It’s a beautiful day in the neighborhood

The sun is shining and today is almost warm enough to walk around in only 2 layers. However, you walk to the center of town on Avenida 7 and the street is blocked. Last night, ruralistas, or people from the countryside in the province of Buenos Aires basically set up camp in the street last night. Burning tires provided some warmth and a few were cooking dinner for the many families that were sitting crowded together in bus shelters. Others seemingly impervious to the cold where yelling and waving large handmade fabric signs. I counted at least 6 different organizations that were standing in protest. The larger question last night was why all of the people had made the journey into the city to sleep in the cold amid the smell of burning rubber.

It turns out that the la presidenta de la nación de Argentina, Cristina Fernandez de Kirschner is in town today supporting a new provincial law or something to that effect. The ruralistas are demanding that the government reconsider social plans for the poor that include social welfare programs related to food and work among other essential needs. Until the government agrees, the ruralistas basically intend to hold Avenida 7 hostage. Just to paint a picture, Avenida 7 is THE primary artery through the center of the city. The blockage has almost paralyzed the town and there are riot police out in full protective gear, shields and batons included.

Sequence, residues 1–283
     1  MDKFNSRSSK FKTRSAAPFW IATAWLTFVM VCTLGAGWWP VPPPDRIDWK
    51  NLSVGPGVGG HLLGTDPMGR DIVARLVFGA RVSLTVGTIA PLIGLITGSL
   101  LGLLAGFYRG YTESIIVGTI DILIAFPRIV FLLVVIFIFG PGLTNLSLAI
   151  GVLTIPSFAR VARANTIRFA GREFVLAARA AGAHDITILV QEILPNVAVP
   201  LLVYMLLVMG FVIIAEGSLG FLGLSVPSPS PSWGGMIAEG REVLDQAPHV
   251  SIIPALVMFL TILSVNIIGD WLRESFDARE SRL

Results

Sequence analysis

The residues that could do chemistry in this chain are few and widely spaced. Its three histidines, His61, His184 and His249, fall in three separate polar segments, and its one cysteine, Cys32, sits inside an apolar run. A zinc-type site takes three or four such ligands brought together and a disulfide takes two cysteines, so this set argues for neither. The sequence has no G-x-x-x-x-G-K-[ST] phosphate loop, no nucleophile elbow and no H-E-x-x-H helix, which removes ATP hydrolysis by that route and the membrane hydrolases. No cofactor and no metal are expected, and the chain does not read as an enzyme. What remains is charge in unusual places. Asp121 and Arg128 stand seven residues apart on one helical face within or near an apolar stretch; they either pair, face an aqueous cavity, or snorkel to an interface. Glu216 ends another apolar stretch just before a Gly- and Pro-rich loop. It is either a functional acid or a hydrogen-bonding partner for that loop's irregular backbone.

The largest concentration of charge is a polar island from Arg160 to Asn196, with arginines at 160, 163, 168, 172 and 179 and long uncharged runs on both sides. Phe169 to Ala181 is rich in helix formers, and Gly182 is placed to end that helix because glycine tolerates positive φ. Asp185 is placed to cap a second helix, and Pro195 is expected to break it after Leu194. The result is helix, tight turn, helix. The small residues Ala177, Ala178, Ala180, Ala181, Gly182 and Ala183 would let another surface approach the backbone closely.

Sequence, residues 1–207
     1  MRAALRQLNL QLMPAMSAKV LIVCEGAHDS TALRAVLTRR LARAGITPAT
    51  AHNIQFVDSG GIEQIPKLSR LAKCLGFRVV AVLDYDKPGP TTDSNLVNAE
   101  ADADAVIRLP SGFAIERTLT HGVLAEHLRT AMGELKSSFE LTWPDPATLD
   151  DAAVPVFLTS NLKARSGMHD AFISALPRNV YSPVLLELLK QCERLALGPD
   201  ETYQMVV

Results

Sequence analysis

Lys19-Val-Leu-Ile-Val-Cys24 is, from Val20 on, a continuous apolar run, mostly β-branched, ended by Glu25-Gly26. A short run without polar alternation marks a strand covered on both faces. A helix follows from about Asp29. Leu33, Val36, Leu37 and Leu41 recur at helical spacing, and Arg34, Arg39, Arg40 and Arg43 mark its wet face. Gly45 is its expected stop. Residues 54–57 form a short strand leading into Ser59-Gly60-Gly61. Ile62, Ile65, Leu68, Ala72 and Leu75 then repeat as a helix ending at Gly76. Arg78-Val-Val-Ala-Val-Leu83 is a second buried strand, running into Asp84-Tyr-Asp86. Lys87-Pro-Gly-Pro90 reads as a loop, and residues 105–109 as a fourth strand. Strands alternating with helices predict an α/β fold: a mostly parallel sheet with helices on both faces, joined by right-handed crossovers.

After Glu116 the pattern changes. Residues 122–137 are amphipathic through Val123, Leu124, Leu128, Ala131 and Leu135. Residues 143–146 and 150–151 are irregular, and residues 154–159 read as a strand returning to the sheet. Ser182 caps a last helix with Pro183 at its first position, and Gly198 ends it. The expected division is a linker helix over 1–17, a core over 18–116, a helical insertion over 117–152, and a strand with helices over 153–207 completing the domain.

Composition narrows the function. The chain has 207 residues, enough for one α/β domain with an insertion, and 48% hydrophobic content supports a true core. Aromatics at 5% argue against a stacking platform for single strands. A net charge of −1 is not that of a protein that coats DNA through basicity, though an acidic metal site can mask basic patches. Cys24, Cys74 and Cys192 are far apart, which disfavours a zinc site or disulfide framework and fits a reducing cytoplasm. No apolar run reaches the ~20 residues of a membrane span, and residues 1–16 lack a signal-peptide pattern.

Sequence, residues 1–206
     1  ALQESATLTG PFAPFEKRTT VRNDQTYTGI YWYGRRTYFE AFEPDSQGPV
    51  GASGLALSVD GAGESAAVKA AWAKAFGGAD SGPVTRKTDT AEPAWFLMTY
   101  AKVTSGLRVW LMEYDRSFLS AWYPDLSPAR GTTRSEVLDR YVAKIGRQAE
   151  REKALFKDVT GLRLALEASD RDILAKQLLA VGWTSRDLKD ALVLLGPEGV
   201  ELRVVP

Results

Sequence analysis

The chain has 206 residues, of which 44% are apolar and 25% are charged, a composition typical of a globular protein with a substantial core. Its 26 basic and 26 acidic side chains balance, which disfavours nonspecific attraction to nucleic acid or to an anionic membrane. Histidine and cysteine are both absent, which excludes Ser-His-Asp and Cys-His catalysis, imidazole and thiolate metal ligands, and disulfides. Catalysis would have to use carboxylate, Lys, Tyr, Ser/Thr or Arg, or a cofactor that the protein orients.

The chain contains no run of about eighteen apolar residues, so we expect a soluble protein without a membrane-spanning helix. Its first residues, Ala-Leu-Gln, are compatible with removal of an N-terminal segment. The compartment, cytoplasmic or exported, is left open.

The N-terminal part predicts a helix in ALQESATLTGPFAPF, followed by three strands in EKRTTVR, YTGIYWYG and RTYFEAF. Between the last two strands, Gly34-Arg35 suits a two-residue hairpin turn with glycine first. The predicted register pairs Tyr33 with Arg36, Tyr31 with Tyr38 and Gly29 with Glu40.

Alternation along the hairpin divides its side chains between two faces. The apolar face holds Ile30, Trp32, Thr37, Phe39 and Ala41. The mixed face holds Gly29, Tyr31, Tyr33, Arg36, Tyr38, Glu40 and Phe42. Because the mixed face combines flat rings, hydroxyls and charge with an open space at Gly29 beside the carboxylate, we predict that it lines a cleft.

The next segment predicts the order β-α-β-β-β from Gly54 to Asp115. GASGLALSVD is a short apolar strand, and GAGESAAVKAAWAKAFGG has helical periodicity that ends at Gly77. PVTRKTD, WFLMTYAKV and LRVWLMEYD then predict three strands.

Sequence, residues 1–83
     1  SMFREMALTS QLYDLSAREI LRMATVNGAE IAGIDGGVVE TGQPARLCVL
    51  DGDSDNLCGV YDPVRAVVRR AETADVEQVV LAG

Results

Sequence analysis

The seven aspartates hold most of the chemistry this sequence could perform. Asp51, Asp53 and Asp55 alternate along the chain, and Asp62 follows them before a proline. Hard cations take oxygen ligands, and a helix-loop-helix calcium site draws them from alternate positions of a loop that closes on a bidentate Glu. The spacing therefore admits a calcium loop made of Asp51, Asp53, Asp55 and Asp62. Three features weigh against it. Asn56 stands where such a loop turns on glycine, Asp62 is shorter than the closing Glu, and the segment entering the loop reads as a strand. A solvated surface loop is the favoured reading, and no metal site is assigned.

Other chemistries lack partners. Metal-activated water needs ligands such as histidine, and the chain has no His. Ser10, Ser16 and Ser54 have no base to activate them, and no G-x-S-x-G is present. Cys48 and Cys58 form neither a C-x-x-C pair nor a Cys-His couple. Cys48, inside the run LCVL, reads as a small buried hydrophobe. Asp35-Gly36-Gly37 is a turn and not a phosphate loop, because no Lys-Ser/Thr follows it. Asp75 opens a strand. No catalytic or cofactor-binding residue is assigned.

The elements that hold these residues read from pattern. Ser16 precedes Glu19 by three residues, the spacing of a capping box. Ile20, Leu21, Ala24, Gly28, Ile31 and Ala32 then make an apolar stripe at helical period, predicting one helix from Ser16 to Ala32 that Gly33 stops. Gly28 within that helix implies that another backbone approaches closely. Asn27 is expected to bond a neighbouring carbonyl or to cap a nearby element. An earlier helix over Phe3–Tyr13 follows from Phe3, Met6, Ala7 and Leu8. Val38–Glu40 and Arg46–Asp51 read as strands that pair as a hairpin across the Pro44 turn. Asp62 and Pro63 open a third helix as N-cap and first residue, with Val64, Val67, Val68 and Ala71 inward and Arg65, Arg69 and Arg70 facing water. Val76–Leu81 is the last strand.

It’s hard to discount the ruralistas’ argument; they want to feed their families and they want work. Both are in short supply for them. I found myself blaming the government for not providing for its own people. After all, for the first two months that I was here, the news was consumed with a strike/standoff between the federal government and the heads of agricultural production. The government wanted to raise taxes on the soy farmers. Argentina is the world’s third most important exporter of soy and profit margins have been growing virtually exponentially in recent years.

Only in the last few days has the president offered a package of social works dedicated to reducing poverty and providing other social services. I think that the offer is not going to conciliate all of the people affected by this tax increase. At this point is seems to only be a politically expedient pander designed to clear the roadways and get things back to normal. I have been reading Paul Farmer’s Pathologies of Power lately, which has led me to think about the way that society contributes to the inequality that characterizes poverty and its stubborn endurance. When I see the ruralistas, I know that many of them have lives similar to the patients in Centro No. 13. They are struggling for even the most basic necessities, never managing to get ahead of the curve. Every setback is just another signal that they is no individual, group or institution to back them up and help them. I don’t know if these proposed social programs were the original intent of the tax increase, nor do I know if the government will follow through. I do know that the Argentine government has promised its people to protect their citizens’ human rights in both the national constitution and a number signed conventions and treaties aiming to uphold the Universal Declaration of Human Rights. The historical track record has been a failure to say the least. I can only hoped that things have changed.


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